Saint Naum Springs at National Park Galicica, Lake Ohrid, Ohrid, Saint Naum Monastery, Strumica, & Bitola are some of the wonderful spots I had the pleasure of visiting in Macedonia. Skopje is the capital city of Macedonia and has the largest population with ~700,000 citizens. Unfortunately, the entire Macedonian territories and Skopje in particular went through quite a turmoil, politically or with nature related disaster like the 1963 earthquake in Skopje that nearly wiped out the entire city. Despite that, Skopje has made recovery and rebuilt itself to serve as a decent tourist attraction.
Take, for example, the gorgeous Skopje Kale Fortress, up on the hill from the city, dating back to 6th century Byzantine empire.
Or some of the impressive mosques around the city, like the Sultan Murad Mosque, that give tribute to later conquests of the nearby Muslim empires.
The Skopje Online website has the intro:
Skopje, the capital of the Republic of Macedonia is an important, strategic centre in the Balkans because it links the east to the west, the north to the south. It is the seat of the Macedonian Government and Parliament.
Skopje is situated in Skopje Valley along the Vardar River, the biggest river in Macedonia, at 240 m above sea level. The city is surrounded by several mountain ranges: Skopska Crna Gora to the north, Vodno and Jakupica to the south. The river divides the city into a south and north part. Skopje covers an area of 1818km2 and is 35 km long along the Vardar River and about 20 km wide. In Skopje and its surroundings there are 700,000 inhabitants, i.e. about one third of the total population of Macedonia.
Skopje is thousands of years old city which bears the burden of a turbulent history. At the same time it’s a modern capital that offers rich cultural and natural attractions and an outstanding experience of the Balkan life.
And an overview of the local history :
The early centuries
Skopje the city with 2,000 year long tradition was mentioned for the first time by Claudius Dilomeus with its ancient name Skupi. Skupi was founded by the Dardanians but later became under the Roman rule. This ancient city characterized by the roman architecture was destroyed in the year of 518 by a disastrous earthquake and on its remains the new “Justiniana Prima” was born. […]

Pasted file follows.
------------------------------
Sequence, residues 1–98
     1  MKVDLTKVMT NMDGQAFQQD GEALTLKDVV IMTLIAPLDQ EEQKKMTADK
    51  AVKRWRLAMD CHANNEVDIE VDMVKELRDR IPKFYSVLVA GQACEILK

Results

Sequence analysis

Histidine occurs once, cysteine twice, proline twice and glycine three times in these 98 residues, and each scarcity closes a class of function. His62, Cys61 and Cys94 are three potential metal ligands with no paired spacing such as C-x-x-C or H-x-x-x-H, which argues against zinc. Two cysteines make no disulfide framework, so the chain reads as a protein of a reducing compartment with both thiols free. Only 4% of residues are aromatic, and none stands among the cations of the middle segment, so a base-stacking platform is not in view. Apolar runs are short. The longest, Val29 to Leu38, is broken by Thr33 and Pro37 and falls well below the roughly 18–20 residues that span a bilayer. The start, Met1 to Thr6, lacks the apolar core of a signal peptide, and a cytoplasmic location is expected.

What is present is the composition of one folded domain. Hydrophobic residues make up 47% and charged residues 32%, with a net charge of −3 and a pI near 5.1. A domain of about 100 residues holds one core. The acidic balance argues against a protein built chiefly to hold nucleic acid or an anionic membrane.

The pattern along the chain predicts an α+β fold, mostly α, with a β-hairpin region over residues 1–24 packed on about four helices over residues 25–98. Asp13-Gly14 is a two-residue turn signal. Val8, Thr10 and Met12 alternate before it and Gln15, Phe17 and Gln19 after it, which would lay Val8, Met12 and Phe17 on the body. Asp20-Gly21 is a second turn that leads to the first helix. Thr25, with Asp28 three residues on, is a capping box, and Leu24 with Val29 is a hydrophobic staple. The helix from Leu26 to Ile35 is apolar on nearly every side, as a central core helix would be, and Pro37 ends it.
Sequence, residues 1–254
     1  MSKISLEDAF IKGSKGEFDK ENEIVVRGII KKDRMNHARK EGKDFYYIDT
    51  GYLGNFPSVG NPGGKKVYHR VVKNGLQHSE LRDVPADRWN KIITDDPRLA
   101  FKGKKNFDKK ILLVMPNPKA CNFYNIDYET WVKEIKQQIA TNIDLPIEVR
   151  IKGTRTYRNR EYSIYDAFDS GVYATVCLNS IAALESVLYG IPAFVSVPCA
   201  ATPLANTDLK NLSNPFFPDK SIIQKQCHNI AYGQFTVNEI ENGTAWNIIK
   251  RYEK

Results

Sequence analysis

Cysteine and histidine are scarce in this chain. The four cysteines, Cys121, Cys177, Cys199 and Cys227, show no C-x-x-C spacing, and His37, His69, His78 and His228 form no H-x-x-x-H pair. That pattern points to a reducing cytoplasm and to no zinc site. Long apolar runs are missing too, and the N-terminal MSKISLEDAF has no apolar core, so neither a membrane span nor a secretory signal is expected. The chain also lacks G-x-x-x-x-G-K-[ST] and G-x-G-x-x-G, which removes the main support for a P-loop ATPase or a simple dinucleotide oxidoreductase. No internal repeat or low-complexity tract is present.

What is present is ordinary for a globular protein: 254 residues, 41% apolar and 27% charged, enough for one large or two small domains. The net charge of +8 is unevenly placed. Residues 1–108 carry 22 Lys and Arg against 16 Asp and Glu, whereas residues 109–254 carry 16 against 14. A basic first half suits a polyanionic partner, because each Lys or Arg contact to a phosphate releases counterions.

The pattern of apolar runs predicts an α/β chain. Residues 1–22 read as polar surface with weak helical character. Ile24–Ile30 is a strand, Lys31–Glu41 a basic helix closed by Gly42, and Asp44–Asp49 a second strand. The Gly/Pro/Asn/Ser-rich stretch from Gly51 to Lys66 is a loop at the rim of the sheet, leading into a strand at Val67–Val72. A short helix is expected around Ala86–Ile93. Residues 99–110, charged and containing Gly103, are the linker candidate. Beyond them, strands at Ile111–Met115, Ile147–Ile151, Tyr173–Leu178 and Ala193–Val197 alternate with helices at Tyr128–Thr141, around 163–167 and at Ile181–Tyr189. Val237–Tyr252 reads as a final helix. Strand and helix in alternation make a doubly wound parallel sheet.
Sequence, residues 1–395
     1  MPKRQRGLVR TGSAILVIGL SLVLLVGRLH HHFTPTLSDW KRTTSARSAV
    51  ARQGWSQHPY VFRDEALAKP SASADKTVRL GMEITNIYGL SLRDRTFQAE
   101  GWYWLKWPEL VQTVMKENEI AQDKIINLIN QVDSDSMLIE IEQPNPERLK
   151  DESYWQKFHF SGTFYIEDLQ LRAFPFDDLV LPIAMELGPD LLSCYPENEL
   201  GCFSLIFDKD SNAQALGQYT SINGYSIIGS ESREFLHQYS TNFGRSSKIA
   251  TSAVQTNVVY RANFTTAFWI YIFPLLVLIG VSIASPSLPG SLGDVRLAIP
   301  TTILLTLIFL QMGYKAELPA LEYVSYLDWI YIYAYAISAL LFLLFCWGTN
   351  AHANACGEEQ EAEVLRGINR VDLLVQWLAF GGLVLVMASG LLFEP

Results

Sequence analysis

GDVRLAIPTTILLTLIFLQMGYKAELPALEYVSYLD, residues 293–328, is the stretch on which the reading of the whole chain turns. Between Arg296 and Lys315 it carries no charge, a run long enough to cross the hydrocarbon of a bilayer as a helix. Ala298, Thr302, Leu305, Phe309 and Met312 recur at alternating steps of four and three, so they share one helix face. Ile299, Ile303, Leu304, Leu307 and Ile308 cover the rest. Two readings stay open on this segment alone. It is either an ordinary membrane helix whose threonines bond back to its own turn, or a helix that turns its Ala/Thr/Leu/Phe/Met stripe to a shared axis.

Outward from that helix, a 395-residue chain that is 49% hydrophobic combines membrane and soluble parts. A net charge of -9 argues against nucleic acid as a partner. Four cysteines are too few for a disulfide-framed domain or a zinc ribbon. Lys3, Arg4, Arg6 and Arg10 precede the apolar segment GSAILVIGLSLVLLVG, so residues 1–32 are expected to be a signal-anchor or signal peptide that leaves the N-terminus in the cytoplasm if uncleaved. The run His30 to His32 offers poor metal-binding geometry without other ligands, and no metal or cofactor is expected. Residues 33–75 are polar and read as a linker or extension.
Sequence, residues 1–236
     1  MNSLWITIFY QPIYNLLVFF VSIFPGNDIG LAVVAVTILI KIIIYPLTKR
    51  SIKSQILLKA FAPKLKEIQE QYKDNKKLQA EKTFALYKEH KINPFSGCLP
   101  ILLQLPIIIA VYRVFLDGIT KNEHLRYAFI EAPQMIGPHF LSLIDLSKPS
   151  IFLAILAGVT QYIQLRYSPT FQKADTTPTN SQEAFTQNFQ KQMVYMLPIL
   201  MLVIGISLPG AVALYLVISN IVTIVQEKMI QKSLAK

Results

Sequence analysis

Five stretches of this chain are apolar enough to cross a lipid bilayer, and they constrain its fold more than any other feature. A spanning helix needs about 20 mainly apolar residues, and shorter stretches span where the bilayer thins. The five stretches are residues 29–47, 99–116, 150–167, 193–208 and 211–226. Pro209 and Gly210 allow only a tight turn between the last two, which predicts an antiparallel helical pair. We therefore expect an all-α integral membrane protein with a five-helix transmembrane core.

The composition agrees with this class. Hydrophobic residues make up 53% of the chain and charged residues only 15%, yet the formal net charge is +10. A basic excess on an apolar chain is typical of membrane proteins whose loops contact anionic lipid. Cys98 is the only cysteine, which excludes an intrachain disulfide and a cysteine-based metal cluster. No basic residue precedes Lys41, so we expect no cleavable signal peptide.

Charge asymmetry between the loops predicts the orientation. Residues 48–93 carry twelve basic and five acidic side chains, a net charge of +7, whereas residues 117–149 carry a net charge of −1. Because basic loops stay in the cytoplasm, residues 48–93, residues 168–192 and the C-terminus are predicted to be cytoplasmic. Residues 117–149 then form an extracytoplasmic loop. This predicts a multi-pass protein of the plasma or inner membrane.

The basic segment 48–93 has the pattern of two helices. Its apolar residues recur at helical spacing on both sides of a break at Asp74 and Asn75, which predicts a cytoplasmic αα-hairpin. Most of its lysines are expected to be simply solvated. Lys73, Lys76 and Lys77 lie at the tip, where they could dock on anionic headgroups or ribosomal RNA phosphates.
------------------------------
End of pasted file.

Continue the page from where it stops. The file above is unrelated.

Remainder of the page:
The fourteenth century
At the end of 1395 Skopje became part of the Ottoman Empire and until 1456 it was the seat of many Turkish sultans that contributed to the Islamic characteristics of the city like the mosques, Turkish baths and other Islamic buildings. […]
The Modern City
Skopje received a modern urban appearance after the World War I when the new part was built on the south side of the river Vardar.
On the 26th July 1963, a disastrous earthquake hit Skopje destroying many cultural and historical monuments and turning the city into ruins. The city was reconstructed by the ideas of the Japanese urban planner Kenzo Tanga and many other international architects into the today’s modern city preserving the original architecture of the cultural monuments and giving a wholly new look on the residential parts.
Today Skopje is a modern city with 650.000 citizens and all characteristics of a growing metropolis.
Watch this video of “Skopje 2014 – Macedonia’s timeless capital” for a quick tour of the main city sites and attractions.
My tour included going up to the fortress…
Exploring by foot around town, seeing the mosques…
Visiting the local markets and sitting down for dinner in town center…
As well as going in and exploring some of the local churches with their rich history and somewhat unique style…
Not much out there in English about Skopje, but if you’re looking for more information: